JEFFREY BROWN: And finally tonight: Thanksgiving is about family and Turkey, yes. But it's also about football, especially high school football, as teams around the country battle archrivals or play in championship games.
Recently, I talked with an unusual high school football coach about success on the field and off.
It's part of our American Graduate project, our series on the high school dropout problem.
Natalie Randolph is a high school science teacher with a finely developed sense of the psychology of teenaged boys.
You have to prove yourself.
NATALIE RANDOLPH, Coolidge High School: No.
JEFFREY BROWN: No?
You have to prove how tough you are?
NATALIE RANDOLPH: No. They have enough fun proving how tough they are with each other.
JEFFREY BROWN: That keeps them busy.
NATALIE RANDOLPH: That keeps them busy long enough.
JEFFREY BROWN: Randolph, 32, is slightly built and has a high-pitched voice, but she is plenty tough.
NATALIE RANDOLPH: All the way up.
STUDENT: It hurts.
NATALIE RANDOLPH: So what? Pain is weakness leaving the body.
JEFFREY BROWN: Tough enough in fact to be head football coach at CoolidgeHigh School in Washington, D.C.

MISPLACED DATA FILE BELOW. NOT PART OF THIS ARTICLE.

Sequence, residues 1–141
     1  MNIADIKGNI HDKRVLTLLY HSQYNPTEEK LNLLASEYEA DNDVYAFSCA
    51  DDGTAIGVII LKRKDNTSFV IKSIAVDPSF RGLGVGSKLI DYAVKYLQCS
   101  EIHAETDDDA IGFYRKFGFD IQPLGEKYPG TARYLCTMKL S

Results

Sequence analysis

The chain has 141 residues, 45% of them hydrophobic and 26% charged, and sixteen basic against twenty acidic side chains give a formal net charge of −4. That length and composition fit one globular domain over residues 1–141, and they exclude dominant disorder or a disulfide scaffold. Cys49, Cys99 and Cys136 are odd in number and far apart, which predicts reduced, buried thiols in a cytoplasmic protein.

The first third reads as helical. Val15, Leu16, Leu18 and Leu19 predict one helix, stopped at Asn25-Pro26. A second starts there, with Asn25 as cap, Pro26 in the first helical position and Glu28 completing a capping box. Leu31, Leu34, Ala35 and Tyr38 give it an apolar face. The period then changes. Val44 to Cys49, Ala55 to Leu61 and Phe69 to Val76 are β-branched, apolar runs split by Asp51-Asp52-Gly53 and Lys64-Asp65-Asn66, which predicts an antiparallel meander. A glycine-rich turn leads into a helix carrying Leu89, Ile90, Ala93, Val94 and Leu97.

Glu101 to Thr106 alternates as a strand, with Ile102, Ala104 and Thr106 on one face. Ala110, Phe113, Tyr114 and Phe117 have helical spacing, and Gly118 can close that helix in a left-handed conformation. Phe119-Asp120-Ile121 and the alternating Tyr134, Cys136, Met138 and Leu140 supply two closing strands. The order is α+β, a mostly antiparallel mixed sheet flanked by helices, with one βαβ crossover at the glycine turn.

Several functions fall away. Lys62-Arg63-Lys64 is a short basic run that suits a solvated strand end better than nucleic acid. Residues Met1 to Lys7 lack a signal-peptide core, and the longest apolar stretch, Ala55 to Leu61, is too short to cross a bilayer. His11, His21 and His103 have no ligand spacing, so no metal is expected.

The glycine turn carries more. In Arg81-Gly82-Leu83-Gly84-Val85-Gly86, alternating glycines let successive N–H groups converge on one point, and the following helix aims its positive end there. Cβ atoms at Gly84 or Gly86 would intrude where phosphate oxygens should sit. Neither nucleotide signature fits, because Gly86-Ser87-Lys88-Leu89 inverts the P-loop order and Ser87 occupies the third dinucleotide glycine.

NATALIE RANDOLPH: Come on. Keep going. Keep going. Keep going. come on.
JEFFREY BROWN: She's believed to be the only woman in the country to hold such a position. And that put her in the media spotlight when she took the job nearly three years ago.
NATALIE RANDOLPH: While I'm proud to be part of what this all means, being female has nothing to do with it. I love football. I love football. I love teaching. I love these kids.
JEFFREY BROWN: And tension only grew last year as Randolph coached her team into the city's championship game, the annual Turkey Bowl played on Thanksgiving.
Randolph grew up in Washington, graduated from the University of Virginia, and played football herself for six years with the D.C. Divas, a professional women's league.
But if she's passionate about football and focused on winning, she's also quite clear about priorities, football as a means towards staying and excelling in school.